Let us look at what this professor of linguistics, a so-called expert, says:
Correct is a social and ideological construction that only began to become conceivable, especially for English, in the 17th century. Correctness is arguably a social evaluation mechanism to know who has learned the language of a particular group (class, race, etc.).
Soooo, anything goes. Why then do we need, um, Gender-Inclusive / Non-Sexist Language Guidelines or, you know, professors of linguistics—who tend to be, well, members of a group. In this case, a woke subset of one, the subset members wanting to impose their gender identity-centered mandated forms of discourse on other people.
Let’s see what else we can find of interest among these guidelines.
It is almost endearing that the creators of these thought control woke policies assume that absolutely everyone is onboard with their demands and that students will somehow benefit from watching their instructors abasing themselves in order to avoid offending the gender-identity obsessives:
If you make a mistake, take accountability for your error by correcting yourself before continuing your conversation. Everyone in the space will appreciate your effort.
This is truly disturbing stuff—every classroom is to become a social minefield.
Again, the word “inclusivity” is used to exclude those who do not like being forced to refer to a man as a woman or vice versa. If everyone can be a woman, then what is the point of the woman’s movement or gender studies or the American Association of University Women and so forth?
This is rather chilling:
We hope to foster a culture of inclusivity throughout the University of Pittsburgh. The best way to keep up with all of this information is to stay educated.
About what, exactly? Apparently, neologisms that no one seems to be using:
Gender-Inclusive Pronouns for Third Person Singular
ze/zie zim zir zirs zirself
We are given these examples:
Ze taught zirself to play the guitar.
I read zir book in my composition class.
One does not have all the time in the world…
Notice how demanding these activists are:
If you are writing about someone you do or don’t know (just as when you are talking to someone), use the same language that the person uses when naming or identifying themselves.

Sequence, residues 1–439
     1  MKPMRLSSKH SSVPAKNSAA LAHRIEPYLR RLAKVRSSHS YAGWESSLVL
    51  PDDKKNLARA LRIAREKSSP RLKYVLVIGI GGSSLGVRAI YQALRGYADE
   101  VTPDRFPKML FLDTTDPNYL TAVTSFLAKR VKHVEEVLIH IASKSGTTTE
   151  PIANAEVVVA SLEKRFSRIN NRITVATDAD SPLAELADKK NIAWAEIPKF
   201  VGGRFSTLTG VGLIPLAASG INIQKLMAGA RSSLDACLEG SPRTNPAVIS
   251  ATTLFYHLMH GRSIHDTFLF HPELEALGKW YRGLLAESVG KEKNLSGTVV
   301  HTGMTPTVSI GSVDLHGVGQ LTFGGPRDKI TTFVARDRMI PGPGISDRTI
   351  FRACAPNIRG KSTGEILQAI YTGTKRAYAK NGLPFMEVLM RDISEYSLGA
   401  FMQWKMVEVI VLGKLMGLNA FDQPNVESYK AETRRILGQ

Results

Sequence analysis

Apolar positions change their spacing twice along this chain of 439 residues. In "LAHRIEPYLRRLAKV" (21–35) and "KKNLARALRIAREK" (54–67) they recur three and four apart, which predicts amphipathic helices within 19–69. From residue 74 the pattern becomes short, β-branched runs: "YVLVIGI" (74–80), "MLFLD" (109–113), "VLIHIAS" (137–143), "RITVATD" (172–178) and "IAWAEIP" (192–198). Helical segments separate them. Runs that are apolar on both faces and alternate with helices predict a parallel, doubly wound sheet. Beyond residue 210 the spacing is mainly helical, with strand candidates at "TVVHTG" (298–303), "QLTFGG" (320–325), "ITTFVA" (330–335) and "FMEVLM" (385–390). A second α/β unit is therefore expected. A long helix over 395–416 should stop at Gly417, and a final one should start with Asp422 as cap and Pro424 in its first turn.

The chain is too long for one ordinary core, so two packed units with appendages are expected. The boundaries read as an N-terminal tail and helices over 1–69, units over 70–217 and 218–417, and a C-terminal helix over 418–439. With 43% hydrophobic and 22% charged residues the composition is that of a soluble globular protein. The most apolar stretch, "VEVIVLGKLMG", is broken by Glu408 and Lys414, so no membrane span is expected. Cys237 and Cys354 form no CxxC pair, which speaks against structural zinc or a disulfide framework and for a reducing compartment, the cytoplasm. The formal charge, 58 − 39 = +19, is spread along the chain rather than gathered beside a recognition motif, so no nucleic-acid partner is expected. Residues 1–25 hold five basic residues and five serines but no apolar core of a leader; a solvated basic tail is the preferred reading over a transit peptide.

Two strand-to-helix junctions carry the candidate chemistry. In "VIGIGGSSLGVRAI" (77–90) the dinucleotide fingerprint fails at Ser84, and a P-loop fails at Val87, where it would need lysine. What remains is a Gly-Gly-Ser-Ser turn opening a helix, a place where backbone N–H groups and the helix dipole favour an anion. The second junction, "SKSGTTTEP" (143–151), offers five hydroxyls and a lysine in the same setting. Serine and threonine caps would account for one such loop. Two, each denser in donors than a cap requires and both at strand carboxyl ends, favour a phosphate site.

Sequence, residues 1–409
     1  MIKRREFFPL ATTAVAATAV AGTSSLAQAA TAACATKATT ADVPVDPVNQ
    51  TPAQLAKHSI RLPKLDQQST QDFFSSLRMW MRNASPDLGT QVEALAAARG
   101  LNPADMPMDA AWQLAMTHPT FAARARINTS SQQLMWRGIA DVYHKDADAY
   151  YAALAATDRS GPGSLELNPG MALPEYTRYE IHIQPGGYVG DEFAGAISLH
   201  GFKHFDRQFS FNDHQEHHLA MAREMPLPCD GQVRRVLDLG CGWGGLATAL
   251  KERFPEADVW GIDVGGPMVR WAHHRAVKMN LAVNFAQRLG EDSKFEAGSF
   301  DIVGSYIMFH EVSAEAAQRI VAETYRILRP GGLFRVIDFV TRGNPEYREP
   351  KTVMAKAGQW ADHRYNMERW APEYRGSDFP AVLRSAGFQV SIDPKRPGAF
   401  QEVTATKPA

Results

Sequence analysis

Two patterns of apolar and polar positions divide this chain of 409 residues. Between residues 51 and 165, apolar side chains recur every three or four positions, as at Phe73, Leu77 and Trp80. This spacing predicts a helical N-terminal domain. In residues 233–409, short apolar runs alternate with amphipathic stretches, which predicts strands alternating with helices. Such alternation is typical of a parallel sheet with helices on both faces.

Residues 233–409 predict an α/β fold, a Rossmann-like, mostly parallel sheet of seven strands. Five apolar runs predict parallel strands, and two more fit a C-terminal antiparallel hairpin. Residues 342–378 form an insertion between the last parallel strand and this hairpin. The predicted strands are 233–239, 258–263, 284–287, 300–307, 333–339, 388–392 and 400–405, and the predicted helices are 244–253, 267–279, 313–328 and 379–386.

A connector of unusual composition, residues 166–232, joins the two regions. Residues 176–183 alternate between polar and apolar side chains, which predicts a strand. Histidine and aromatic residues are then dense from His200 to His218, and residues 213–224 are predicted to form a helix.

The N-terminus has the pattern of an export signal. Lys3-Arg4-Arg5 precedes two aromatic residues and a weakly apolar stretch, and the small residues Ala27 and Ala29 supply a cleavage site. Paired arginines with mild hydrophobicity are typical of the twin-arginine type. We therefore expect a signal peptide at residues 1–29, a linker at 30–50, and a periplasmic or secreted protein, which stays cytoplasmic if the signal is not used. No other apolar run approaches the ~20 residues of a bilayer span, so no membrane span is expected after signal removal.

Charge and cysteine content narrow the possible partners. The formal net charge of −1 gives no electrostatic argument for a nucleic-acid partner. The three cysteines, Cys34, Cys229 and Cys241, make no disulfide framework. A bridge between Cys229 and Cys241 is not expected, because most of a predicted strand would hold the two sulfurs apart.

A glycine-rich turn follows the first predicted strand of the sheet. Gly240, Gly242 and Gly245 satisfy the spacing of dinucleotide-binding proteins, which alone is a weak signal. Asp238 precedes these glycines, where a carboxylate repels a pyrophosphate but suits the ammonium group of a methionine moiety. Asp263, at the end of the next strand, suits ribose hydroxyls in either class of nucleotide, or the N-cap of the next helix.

Well, you know what? I am a woman and I don’t think I have the right to tell other people to address me as, “Sir.” Just the way life is.
Note that these people are not shy about their plans to impose the views of the woke elite on the rest of society and how much effort they are putting into normalizing their rejection of basic concepts of womanhood and so forth:
the more institutional (especially education and media) support such proposals have, the more people come to accept them
Noting undemocratic or classist about that, huh.
It is any wonder that average people are finally rebelling against the wokesters and running for school boards and starting to take a hard look at what is going on at American institutions of higher education? Kids formed in these sorts of hypersensitive environments are going to be afraid to say anything that is not acceptable to the social left or are going to become intolerant, easily offended woke warriors themselves. Just look at the praise the Pitt editorialists lavish on passages like this:
…language is a social practice, and there is a mutually informing and reinforcing relationship between language and thought/ideology. Changing the language is part of making the world a more equitable place for people who don't feel they fit into the gender binary.
Oh, they are not asking for much. Just the wholescale redesign of the English language to suit the preferences of a tiny minority of rather troubled people and the control of the very thoughts of those who are not among that favored few.
And Pitt is only one instance of this campaign to make us deny basic biological facts. And we told to smile and cheer on our own cultural destruction:
Isn't it nice to have a little guidance about how to be considerate and polite?
Parents: avoid the University of Pittsburgh like the plague.